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Musibau Jelili, Ladoke Akintola University of Technology – Urban Land Use in Sub-Saharan Africa: The Question of Informality

By on September 26, 2016
Lecturer - profile

Musibau JELILI


Main affiliation
Department of Urban and Regional Planning, Ladoke Akintola University of Technology, Ogbomoso, Nigeria





Dr Musibau Omoakin Jelili holds a B.Tech, M.Tech, and PhD all in Urban and Regional Planning. He is a member of the Nigerian Institute of Town Planners (NITP), a Chartered Town Planner registered with the Town Planners’ Registration Council (TOPREC) of Nigeria, an individual member of the Association of African Planning Schools, and an individual member of the UN-HABITAT University Network Initiative (UNI). He is at present a Reader (Associate Professor) in the Department of Urban and Regional Planning, Ladoke Akintola University of Technology (LAUTECH), Ogbomoso, Nigeria, and a Visiting Reader in the Department of Urban and Regional Planning, University of Ilorin (UNILORIN), Nigeria. He was a Visiting Senior Lecturer to the Department of Town and Regional Planning, University of Juhannesburg, South Africa (2012-2013). He has over forty publications in both national and international outlets, including 24 journal articles, 6 chapters-in-books, one monograph, 5 conference proceedings, and 9 technical reports, His areas of research interest include land use and environmental planning, and urban development studies.

English Proficiency

Previous experience of recording video lectures

Experience of lecturing to large audiences

Experience of lecturing to large audiences

Frequency of lectures
Very often

Recording opportunities
Habitat III attendance and availability
Any appropriate time


Main themes
Urban Management

Urban Land Use and Development Planning in Sub-Sahara Africa: The Question of Informality

The lecture is aimed at unveiling issues surrounding informality, which is the bane of sustainable development in African urban communities, and which requires effective framework for integration into formal urban land use planning and management. .

Issues which the lecture addresses
It addresses informality issues in urbanization process, urban develoment and land use planning in Africa

Short analysis of the above issues
The multi-dimensional issues of informality, including informal economy, informal land use, informal settlements, informal transportation and other related issues make the urbanization process and development in Africa hard to predetermine and plan for..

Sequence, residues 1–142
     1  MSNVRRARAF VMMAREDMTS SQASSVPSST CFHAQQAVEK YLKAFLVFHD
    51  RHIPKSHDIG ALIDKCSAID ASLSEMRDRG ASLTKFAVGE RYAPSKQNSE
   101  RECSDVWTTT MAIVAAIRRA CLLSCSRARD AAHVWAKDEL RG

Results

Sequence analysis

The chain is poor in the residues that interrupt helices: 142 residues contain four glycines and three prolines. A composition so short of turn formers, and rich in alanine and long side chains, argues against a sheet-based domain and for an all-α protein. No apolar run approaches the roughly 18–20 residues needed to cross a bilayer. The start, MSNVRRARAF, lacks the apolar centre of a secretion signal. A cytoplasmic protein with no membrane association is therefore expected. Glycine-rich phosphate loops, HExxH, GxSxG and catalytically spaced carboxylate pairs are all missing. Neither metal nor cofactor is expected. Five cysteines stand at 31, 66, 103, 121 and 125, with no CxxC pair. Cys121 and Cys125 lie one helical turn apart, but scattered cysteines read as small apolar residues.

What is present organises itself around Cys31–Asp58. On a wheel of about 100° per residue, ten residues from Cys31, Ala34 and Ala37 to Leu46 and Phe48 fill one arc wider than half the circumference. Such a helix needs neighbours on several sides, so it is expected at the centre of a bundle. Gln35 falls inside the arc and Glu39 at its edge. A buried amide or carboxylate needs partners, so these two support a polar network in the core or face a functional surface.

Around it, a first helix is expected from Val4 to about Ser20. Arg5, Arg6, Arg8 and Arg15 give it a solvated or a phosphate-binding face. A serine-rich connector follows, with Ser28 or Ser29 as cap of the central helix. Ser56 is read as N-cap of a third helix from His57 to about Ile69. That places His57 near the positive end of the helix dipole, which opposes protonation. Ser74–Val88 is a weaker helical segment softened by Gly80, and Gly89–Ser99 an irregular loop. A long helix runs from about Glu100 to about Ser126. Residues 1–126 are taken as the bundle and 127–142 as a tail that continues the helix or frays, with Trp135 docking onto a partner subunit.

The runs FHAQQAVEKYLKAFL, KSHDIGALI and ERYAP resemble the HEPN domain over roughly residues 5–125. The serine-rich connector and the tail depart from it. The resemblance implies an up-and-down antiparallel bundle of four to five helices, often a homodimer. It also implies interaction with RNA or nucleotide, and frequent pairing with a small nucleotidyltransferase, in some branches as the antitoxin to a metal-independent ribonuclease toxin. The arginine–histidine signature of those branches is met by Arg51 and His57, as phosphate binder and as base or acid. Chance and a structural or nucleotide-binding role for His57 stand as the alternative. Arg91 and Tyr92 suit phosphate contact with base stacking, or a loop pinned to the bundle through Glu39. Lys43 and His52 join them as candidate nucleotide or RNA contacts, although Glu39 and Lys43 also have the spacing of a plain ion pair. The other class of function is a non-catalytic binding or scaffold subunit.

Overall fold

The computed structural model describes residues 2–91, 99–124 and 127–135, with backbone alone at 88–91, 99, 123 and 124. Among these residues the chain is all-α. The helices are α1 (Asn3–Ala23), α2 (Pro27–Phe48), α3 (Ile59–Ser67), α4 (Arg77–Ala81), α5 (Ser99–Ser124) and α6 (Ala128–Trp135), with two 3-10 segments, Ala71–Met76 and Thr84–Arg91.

Propositions for addressing the issue
The following propositions are made:
(1) Urbanization and/or development process in Sub-sahara Africa is mostly informal.
As urban ratio (population of urban dwellers to the total national population) increases at about the same rate with poverty level, informal urban land use/housing/settlement/economy expands, while urban infrastructure capacity declines all following a process(es) not envisaged or anticipated by the formal urban land use or development plan.

(2) Informality in African setting is multidimensional but interrelated.
The various dimensions of informality include: informal land use, informal housing, informal transportation, informal agriculture, informal trading, informal services, all are different components of informal urban economy.

(3) Development plans for African communities are less effective because they are ‘blind’ to the realities of
informality that define the nature and character of an average urban community on the continent.
The realities of urban informality are that: a) informal land market (which constitutes the largest share of urban land market in African communities) obeys less the formal rules, b) informal land use is less guided by the rigid planning and development control standards, and zoning regulation c) informal housing/settlement is a reflection of poverty and vulnerability issues in the urban environment

(4) Formal and informal components of urban economy and/or development are complementary,
predictable and amenable to planning process. Incidences, mechanisms, and contributions of formal and informal components of urban economy, land use, housing, etc, are quantifiable, predictable, and manageable.

Additional Reading Materials



Korayem, K (1996), “Structural adjustment, stabili-zation policies and the poor in Egypt”, Cairo Papers in Social Science Vol 18, No 4.

Korayem, K (2002) “How do the poor cope with the increase in employment inadequacy in Egypt?”, European University Institute Working Papers, San Domenico.

Meagher, K (1995), “Crisis, informalization and the urban informal sector in sub-Saharan Africa”, Development and Change Vol 26, No 2, pages 259–284.

Ministry of Housing, Utilities and Urban Development – General Organization for Physical Planning (GOPP) and UNDP Egypt (2006), Improving Living Conditions within Informal Settlements through Adopting Participatory Upgrading Planning. General Framework for Informal Areas Upgrading Strategy and Elaborating Preventive Measures for Further Informal Growth. Second Phase Report 2005–2006 (in Arabic), Cairo.

Jelili, et al (2010), “Model for Integrating the Informal Land Use into formal Land Use Planning in Africa”, Proceedings of the Conference on Informality by Association of African Planning Schools held in Dar es Salam, Tanzania in October, 2010. (www.africanplanningschools.org.za)